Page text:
I finally got to meet Jack Stephens, who blogs here and here and here. He gave a little tour of the city and he showed me some of the areas that we (tourists) never get to see. It made me realise that segregation still exists, albeit in a subtler way. Much of the problems of race in the USA like discrimination, economics and class are very similar to the problems of caste in India. And much of the right wing arguments are the same too.
Later, he took me to an LFS meeting that was protesting the political killings in the Philippines in SFSU.

Saturday, February 17, 2007

A hard lesson in discrimination

In 1968, Martin Luther King Jr was shot dead and a school teacher decided to teach a bunch of third graders a hard lesson in discrimination.



Part 2
Part 3
Part 4

Part 5 is missing on youtube but can be found here... :(

This is the power that a teacher can have on the children that s/he mentors. It is sad that such teachers are so rare...

Can this be true?



"Name a country that begins with an 'u'"
"Umm... (Y)ugoslavia?"

"where was the berlin wall?"
* silence *

"Whatever he thinks is right.. he's from texas, he's gotta be right"

ROFL


PS. I am pretty sure that if you did a similar survey in India, you wont find anything different.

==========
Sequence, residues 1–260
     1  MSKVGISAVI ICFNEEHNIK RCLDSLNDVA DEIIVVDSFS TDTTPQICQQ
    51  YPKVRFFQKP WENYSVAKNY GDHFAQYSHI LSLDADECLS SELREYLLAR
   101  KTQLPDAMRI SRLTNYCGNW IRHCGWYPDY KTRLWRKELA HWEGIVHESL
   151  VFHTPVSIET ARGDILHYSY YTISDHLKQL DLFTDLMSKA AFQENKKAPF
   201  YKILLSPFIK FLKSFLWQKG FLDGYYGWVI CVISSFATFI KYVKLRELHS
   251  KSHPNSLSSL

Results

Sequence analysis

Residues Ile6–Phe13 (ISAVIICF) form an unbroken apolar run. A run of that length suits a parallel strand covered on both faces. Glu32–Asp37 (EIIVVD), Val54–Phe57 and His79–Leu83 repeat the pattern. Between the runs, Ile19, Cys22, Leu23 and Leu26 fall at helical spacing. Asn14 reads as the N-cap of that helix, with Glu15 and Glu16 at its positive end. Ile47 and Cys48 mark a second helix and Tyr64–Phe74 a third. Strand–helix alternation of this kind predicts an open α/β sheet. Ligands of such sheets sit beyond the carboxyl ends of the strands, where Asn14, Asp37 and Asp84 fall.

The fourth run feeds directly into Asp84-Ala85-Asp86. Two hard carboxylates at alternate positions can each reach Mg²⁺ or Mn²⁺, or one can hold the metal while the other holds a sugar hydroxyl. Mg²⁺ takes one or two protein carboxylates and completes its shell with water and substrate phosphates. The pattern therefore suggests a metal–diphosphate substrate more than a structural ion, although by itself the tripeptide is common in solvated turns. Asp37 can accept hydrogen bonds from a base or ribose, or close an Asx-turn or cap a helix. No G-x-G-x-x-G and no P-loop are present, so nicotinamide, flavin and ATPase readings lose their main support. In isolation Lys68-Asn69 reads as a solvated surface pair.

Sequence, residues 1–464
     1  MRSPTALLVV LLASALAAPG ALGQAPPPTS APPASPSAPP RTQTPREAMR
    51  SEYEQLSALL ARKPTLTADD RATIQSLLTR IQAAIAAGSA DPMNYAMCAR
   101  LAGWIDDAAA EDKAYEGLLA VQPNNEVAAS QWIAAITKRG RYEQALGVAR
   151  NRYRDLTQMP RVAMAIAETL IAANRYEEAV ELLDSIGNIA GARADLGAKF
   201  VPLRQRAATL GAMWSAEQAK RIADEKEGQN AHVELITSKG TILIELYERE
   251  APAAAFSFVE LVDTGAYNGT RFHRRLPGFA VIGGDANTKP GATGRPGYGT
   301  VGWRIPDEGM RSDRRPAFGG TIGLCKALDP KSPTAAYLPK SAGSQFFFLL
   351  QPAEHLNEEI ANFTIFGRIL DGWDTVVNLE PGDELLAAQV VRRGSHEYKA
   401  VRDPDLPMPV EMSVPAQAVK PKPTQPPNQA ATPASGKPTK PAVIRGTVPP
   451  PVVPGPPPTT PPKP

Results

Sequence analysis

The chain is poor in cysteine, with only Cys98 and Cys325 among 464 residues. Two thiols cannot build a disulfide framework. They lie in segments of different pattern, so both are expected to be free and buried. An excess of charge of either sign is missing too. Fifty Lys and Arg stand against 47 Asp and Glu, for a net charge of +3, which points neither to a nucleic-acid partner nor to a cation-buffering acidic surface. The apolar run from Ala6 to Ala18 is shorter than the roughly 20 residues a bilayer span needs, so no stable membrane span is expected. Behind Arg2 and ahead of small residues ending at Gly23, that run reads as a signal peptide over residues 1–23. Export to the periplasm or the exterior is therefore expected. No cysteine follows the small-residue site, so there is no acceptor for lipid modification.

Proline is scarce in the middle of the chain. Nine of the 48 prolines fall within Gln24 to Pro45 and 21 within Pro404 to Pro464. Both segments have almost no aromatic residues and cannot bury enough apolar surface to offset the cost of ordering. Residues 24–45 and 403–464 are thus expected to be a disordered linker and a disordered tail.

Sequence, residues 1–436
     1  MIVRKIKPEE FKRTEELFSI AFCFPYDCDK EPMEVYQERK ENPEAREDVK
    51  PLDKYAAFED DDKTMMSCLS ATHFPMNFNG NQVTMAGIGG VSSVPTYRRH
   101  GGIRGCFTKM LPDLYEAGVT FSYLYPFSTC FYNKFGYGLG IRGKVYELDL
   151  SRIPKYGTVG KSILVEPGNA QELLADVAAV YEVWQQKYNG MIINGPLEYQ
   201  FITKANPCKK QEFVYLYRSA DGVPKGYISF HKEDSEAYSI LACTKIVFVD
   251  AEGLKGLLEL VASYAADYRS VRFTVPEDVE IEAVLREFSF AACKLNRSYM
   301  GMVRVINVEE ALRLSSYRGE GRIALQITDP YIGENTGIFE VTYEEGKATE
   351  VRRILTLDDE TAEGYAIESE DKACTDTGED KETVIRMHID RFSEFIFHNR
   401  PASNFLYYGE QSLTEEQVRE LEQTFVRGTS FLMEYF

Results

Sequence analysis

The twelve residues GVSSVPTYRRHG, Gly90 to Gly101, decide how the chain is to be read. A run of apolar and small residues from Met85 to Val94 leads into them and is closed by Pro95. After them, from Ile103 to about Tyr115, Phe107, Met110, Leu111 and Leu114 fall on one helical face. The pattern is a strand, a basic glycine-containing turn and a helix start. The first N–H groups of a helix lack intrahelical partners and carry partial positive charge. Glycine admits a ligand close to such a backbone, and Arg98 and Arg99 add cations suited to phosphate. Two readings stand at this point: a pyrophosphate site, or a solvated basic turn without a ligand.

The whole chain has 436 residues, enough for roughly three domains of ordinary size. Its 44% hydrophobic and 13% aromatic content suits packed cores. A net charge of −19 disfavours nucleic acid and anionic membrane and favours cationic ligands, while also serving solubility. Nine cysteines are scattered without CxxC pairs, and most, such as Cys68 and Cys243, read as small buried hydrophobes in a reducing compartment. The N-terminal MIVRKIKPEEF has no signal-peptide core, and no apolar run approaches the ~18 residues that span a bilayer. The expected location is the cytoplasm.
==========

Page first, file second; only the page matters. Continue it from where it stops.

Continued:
Friday, February 16, 2007

Hilarious!

Check out this video! It is hilarious!

Monday, February 12, 2007

"A girl like me"

A long time ago, I read the autobiography of Malcolm X and besides being struck by the life and times of that man and that man himself, I was also intrigued by what he had to say about Blacks trying to be White -

"This was my first really big step toward self-degredation: when I endured all of that pain [of the hairstraightening chemicals], literally burning my flesh to have it look like a white man's hair. I had joined that multitude of Negro men and women in America who are brainwashed into believing that the black people are `inferior'--and white people `superior'--that they will even violate and mutilate their God-created bodies to try to look `pretty' by white standards.... It makes you wonder if the Negro has completely lost his sense of identity, lost touch with himself." [Source]